World Regions

World regions are ways of grouping countries or territories based on their geographical, cultural, historical, or political characteristics. There is no definitive or universally agreed-upon classification of world regions, as different organizations or disciplines may use different criteria or methods to divide the world. However, some common ways of defining world regions are based on continents, United Nations geoscheme, World Bank regional classification, or cultural and linguistic similarities.

One of the simplest ways of defining world regions is based on the six inhabited continents: Africa, Asia, Europe, North America, South America, and Oceania. However, this method has some limitations, as some continents are very diverse and heterogeneous, such as Asia and Africa, while others are very small and isolated, such as Oceania. Moreover, some continents are not clearly separated by natural boundaries, such as Europe and Asia, which are sometimes considered as a single continent of Eurasia.

Another way of defining world regions is based on the United Nations geoscheme, which divides the world into six continental regions, 22 geographical subregions, and two intermediary regions. This method was devised by the United Nations Statistics Division (UNSD) based on the M49 coding classification, which assigns numerical codes to countries and territories for statistical purposes. The UNSD geoscheme is not based on political or cultural affiliation, but rather on geographical proximity and similarity. For example, the UNSD geoscheme includes Cyprus and Georgia in Western Asia, even though they are culturally and politically closer to Europe. The six continental regions of the UNSD geoscheme are Africa, Americas, Asia, Europe, Oceania, and Antarctica.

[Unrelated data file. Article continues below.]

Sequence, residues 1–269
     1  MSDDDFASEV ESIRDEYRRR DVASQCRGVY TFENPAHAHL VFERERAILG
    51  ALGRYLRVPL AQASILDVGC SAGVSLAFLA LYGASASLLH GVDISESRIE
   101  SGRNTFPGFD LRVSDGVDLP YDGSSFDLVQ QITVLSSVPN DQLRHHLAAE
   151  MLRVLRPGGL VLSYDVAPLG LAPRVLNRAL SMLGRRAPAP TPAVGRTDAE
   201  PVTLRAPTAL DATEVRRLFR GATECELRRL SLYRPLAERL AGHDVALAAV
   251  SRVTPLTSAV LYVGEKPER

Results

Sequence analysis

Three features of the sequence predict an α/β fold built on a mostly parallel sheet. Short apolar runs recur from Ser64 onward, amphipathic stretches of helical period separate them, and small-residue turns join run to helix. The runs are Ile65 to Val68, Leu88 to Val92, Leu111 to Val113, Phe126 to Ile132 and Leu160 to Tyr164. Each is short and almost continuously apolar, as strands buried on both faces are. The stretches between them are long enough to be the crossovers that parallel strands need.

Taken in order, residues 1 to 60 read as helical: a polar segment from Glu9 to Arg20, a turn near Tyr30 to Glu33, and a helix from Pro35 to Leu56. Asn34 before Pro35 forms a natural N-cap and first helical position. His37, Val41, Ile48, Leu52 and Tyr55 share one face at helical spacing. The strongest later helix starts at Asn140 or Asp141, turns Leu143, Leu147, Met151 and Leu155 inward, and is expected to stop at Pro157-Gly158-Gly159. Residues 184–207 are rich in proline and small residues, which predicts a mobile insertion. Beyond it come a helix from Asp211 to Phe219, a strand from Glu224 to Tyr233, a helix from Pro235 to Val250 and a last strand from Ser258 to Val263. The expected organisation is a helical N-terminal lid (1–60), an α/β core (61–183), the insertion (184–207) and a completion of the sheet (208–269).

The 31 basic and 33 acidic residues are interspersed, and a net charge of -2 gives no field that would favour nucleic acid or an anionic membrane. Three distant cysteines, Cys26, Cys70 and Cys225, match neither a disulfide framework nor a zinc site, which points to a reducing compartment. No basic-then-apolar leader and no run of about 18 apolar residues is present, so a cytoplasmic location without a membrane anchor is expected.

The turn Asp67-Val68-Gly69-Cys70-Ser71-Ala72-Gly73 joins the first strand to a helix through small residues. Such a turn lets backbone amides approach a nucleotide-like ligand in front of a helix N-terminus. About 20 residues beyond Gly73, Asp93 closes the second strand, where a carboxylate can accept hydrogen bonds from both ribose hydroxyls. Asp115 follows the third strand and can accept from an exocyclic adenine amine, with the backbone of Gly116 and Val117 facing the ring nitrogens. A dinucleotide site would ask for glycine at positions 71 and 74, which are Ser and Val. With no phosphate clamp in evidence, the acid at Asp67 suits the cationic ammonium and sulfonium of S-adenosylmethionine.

A third way of defining world regions is based on the World Bank regional classification, which groups countries and territories according to their income level and geographical location. The World Bank regional classification is mainly used for economic and development analysis and policy making. The World Bank regional classification consists of eight regions: East Asia and Pacific, Europe and Central Asia, Latin America and Caribbean, Middle East and North Africa, North America, South Asia, Sub-Saharan Africa, and High-income OECD members.

A fourth way of defining world regions is based on cultural and linguistic similarities, which may reflect historical ties, religious beliefs, ethnic identities, or shared values. This method is more subjective and flexible, as different criteria or perspectives may lead to different groupings. For example, some cultural and linguistic regions are the Arab world, the Francophone world, the Anglophone world, the Hispanic world, the Slavic world, the Nordic countries, the Balkans, the Commonwealth of Independent States, and the European Union.

In conclusion, world regions are useful ways of organizing and understanding the diversity and complexity of the world. However, there is no single or definitive way of defining world regions, as different methods may have different advantages and disadvantages, depending on the purpose and context of the analysis. Therefore, it is important to be aware of the criteria and assumptions behind each method, and to recognize the diversity and dynamism within and across world regions.

World Regions image

World Regions